The anticipated new Beirut museum has revealed its name. The institution will be called BeMA: Beirut Museum of Art and it is led by The Association for the Promotion and Exhibition of the Arts in Lebanon (APEAL), which is a non-profit organization whose aim is to support Lebanon art scene through the organization of international quality programs. The international architecture competition for the new building for the Beirut museum is ongoing, and the winner of it will be announced and selected by the independent jury in Autumn of 2016. The new Beirut museum will open in 2020, and it represents the most significant signs of development of Lebanese art and culture in this generation. The vision behind this project is the creation of a multidisciplinary hub of design and art that will exhibit modern and contemporary culture and art of Lebanon.
The BeMA: Beirut Museum of Art will aim to bring the diverse populations and narratives from the region under the same roof, and even expand its area of interest to the international artists. In the spirit of this diversity, the museum’s name has been translated into French as Beyrouth Musée de l'Art and into Arabic as بيروت متحفالفن — بما. Even the Arabic abbreviation of its name بما means “including”, which perfectly signifies the museum’s desire to be a place of a dialogue inclusive to different cultures and traditions. Until the museum opens its doors, it is already organizing interesting activities for the audiences, such as the artist-in-residence program in Ras Masqua, launched in March with the contribution of Temporary.Art.Platform (T.A.P.). Six artists, Youmna Geday, Raymond, Gemayel, Ali El-Darsa, Ieva Saudargaite, Myriam Boulos, and Petra Serhal, were invited to help in the development of a research-based, site-specific projects. This project coincided with a myriad of lectures, panels, and film screenings, organized in the collaboration of BeMA, T.A.P, the Municipality of Ras Masqua, the Lebanese University, Saint-Joseph University, and the Lebanese International university. This event called #RMAR was curated by Amanda Abi Khalil, and coordinated by the artist Roy Dib.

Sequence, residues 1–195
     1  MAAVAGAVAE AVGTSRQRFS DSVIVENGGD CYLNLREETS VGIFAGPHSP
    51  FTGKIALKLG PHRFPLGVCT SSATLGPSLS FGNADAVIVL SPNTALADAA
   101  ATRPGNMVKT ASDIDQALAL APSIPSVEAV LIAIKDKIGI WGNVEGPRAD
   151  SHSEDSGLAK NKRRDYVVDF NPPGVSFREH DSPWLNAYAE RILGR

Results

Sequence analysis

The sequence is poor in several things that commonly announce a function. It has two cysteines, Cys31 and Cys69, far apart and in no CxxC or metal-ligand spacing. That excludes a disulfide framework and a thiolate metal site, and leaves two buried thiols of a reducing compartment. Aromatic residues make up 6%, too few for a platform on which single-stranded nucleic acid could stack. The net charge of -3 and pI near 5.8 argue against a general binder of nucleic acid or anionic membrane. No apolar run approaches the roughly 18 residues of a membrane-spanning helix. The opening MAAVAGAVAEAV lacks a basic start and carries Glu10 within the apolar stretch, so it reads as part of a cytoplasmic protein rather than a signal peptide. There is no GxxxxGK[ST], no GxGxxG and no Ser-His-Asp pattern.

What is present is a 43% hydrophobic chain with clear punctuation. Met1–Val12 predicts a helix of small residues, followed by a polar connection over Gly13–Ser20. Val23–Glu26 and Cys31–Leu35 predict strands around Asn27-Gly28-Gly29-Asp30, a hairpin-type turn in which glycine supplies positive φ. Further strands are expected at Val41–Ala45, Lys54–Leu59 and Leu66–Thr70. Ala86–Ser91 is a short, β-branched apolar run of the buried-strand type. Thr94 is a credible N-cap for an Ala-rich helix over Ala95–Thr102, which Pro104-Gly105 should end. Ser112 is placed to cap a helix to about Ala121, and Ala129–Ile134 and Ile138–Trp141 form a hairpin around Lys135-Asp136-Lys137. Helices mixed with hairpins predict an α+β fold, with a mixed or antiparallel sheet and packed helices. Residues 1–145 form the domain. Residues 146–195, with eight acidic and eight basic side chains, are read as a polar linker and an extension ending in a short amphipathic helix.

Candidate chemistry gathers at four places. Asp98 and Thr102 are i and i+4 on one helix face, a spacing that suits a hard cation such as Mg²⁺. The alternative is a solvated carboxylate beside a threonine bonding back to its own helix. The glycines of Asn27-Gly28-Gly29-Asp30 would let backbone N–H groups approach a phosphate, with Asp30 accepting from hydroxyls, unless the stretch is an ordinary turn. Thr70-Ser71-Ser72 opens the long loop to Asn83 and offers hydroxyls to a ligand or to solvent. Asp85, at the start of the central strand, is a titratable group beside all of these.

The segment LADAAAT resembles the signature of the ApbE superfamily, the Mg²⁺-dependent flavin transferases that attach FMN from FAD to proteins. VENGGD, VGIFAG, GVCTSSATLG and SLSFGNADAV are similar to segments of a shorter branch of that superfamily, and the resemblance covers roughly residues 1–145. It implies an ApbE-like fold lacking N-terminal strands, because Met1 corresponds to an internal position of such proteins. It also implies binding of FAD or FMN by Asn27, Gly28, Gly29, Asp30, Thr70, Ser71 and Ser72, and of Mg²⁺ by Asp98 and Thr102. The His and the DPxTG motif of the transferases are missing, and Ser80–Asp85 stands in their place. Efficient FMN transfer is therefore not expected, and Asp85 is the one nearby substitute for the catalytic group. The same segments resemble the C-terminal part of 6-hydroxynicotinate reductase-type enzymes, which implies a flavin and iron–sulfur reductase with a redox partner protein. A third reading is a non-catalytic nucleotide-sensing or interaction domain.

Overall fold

Speaking of the architecture competition for the Beirut museum building, the jury that will choose the winning design is chaired by Lord Peter Palumbo, and includes the renowned architects such as Lord Richard Rogers, George Arbid, Fares Al Dahdah, and Rodolphe Khoury, and it included the late Zaha Hadid. In the words of the juror and architect Fares Al Dahdad, the museum has the potential to become a cultural center of the city of Beirut, and therefore must have the building that reflects its significance. The jury has selected thirteen firms that compete for the opportunity to have their design immortalized in the form of the new Beirut Museum. The contestant firms include Bernard Khoury / DW5, 109 Architectes s.a.r.l., HW architecture, Hashim Sarkis Studios, LLC, L.E.FT Architects, ETEC SA, ibda design, IDC / Verner Johnson, Lina Ghotmeh /DHT Architects, Najjar Najjar Architect, Raëd Abillama Architects / Nadim Khattar, WORK Architecture Company (WORKac), Yatsu Chahal Architects (YCa), Said Jazari Consulting Office (SJCO), Youssef Tohme Architects and Associates (YTAA). These firms have been asked to create concept designs and strategies for the Université Saint-Joseph-owned site in Beirut for stage two of the competition.
The building of the new Beirut museum will have to respond to the needs of the programs that the institution will organize. It will feature a number of gallery spaces, a community art space, as well as spaces that can be used for documentation, conservation, public education programs, and artists-in-residence, according to Rita Nammour, the APEAL president. The museum will include painting, sculpture, works on paper, visual arts, new media, video, photography, film, performance arts, and design. It will feature Lebanese and Middle Eastern art, but will not say no to including the works by international artists. All in all, the Beirut Museum of Art will definitely be a place of diversity and a cultural hub of the region, and will surely benefit the Lebanese tourism industry while encouraging young, talented people from Lebanon to pursue the career in art and exhibit their works in this institution. Stay tuned, Widewalls will follow the development of the museum and report on the ongoing architecture competition.
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All images are for illustrative purposes only.
Featured image: The view of Beirut via christinaheydon.com
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